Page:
The “post-hospital care” is in many ways the heart of this bill. Caretakers have to have the right information to determine exactly what is the best course of care, especially in the immediate aftermath of discharge, where health situations are at their most crucial. Oftentimes, through no one’s fault, patients are sent home after hospitals make the incorrect assumption about who the caregiver will be, or if the place to which the patient’s being discharged is adequately prepared.

There is a lot of confusion when someone is admitted to a hospital, as doctors and nurses are focusing on immediate care and families are sad and scared. This new bill requires hospitals to figure out what is happening post-hospital, and provides an important reminder that care is a holistic, and hopefully seamless process from a health facility and beyond. The information they are required to share with the caregiver includes:

  • Education about patient’s medication, including dosing requirements
  • Instruction in the proper use of medical delivery devices
  • Detailed medical instruction about what exactly the family caregiver will need to perform
  • Instructions delivered in culturally appropriate and sensitive ways (not using clinical medical language, which works great for professionals, but can be bewildering and cold to non-professionals)

All of this is especially important when the caregiver will be a family member (or members) who might not be professionals. SB 675 facilitates the sharing of that knowledge that families need to provide the best care possible, easing the stress that comes with misinformation, confusion, and apprehension about doing the wrong thing.   

Breaking Down Communication Barriers

Removing these bureaucratic obstacles to information can help establish better communication in other ways as well. Not knowing how to help someone can build up mutual barriers of shame, guilt, and even misplaced resentment. It is a cascading problem, and it inhibits future communication. This communication is incredibly important as needs change—if there is anger and confusion over how medicine should be taken, then larger emotional and physical issues, such as elderly incontinence, might be avoided until they become a much bigger problem. There could be emotional repercussions to broken communication as well. Too often, family ties fray in sadness and confusion over basic issues that could be resolved if people would just communicate.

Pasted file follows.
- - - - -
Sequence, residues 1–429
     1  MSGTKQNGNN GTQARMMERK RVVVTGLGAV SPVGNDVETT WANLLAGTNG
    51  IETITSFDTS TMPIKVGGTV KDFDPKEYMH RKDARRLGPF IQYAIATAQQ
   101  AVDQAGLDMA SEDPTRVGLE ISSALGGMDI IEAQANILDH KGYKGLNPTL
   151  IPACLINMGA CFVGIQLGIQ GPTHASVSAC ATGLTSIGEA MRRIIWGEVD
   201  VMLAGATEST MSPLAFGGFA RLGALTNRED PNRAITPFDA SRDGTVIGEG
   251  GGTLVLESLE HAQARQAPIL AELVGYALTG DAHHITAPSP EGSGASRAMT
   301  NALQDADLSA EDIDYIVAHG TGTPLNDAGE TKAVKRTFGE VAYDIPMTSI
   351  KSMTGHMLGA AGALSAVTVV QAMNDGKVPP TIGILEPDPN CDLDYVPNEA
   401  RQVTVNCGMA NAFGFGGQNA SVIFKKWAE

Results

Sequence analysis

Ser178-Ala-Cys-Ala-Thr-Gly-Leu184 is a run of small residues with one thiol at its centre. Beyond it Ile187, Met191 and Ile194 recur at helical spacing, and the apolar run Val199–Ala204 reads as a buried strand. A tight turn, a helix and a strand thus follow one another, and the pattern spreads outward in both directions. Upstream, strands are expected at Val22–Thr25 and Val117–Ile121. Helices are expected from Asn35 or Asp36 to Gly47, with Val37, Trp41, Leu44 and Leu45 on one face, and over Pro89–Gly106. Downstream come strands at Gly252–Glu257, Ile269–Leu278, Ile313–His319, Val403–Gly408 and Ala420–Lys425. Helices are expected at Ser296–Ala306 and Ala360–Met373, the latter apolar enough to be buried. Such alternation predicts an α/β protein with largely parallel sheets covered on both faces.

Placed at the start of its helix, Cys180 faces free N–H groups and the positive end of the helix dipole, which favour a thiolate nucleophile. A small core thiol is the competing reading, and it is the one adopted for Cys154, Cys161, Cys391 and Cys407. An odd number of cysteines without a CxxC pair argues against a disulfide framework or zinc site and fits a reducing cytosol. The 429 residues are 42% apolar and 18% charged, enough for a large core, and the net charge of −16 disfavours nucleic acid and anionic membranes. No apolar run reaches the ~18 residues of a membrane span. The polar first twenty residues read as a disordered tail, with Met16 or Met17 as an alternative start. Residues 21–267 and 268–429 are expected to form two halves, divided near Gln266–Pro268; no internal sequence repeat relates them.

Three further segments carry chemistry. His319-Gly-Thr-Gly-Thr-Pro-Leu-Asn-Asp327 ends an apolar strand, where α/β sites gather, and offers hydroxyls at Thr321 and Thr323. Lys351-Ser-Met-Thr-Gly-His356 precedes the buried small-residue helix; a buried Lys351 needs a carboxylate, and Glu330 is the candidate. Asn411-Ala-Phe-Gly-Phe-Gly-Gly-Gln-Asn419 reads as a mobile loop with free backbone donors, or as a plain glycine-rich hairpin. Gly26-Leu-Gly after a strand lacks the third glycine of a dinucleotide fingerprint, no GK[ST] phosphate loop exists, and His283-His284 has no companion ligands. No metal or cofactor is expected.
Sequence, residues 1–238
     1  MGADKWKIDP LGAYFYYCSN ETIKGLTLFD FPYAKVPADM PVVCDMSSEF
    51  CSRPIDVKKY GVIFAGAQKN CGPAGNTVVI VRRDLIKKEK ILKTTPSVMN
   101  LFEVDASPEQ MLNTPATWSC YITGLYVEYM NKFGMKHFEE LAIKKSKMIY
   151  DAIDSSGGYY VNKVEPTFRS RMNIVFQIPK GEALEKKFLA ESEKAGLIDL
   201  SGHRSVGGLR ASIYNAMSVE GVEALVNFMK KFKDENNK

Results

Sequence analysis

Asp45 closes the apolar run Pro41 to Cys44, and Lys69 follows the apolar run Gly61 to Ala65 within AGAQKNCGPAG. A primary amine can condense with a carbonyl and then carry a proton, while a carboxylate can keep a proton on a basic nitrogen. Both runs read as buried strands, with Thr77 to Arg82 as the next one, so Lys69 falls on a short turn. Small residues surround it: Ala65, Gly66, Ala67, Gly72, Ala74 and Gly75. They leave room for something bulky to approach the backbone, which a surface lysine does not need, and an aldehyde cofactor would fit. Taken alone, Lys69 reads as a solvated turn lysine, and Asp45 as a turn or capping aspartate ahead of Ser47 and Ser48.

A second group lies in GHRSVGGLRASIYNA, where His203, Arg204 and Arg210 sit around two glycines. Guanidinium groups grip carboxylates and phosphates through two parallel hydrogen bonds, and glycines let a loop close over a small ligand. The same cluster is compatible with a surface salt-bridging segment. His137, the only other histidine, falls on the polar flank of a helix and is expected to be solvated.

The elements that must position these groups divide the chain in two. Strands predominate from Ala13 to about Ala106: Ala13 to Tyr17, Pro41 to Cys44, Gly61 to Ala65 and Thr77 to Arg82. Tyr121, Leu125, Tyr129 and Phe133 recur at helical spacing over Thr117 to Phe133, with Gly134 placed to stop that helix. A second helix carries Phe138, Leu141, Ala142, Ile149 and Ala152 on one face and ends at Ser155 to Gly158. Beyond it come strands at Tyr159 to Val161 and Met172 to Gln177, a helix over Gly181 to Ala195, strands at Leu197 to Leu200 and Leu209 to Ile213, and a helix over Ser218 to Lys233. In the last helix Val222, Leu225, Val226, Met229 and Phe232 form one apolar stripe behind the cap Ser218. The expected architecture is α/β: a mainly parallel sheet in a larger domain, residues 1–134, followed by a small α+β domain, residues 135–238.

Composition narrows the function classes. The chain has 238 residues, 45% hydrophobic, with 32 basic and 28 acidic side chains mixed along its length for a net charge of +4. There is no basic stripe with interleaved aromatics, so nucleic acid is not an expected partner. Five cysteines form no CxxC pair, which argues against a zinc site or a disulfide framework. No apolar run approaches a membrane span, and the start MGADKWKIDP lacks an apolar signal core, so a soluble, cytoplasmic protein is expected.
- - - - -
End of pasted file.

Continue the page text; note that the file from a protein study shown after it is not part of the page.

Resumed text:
SB 675 can’t heal ties on its own, but it can help prevent the fraying by making sure that proper care begins the moment of discharge, and that caregivers have the information they need to provide proper care. Having this knowledge means less asking “what do you need,” and more figuring out, together, how these years can be enjoyable, productive, and exciting ones.

Staying up to date on the issues that matter and that impact caregivers and aging seniors can help ensure the best care. The Institute on Aging is ready to offer support, guidance, and information about important issues that affect you and your loved one. Please contact us today to learn about our programs and resources.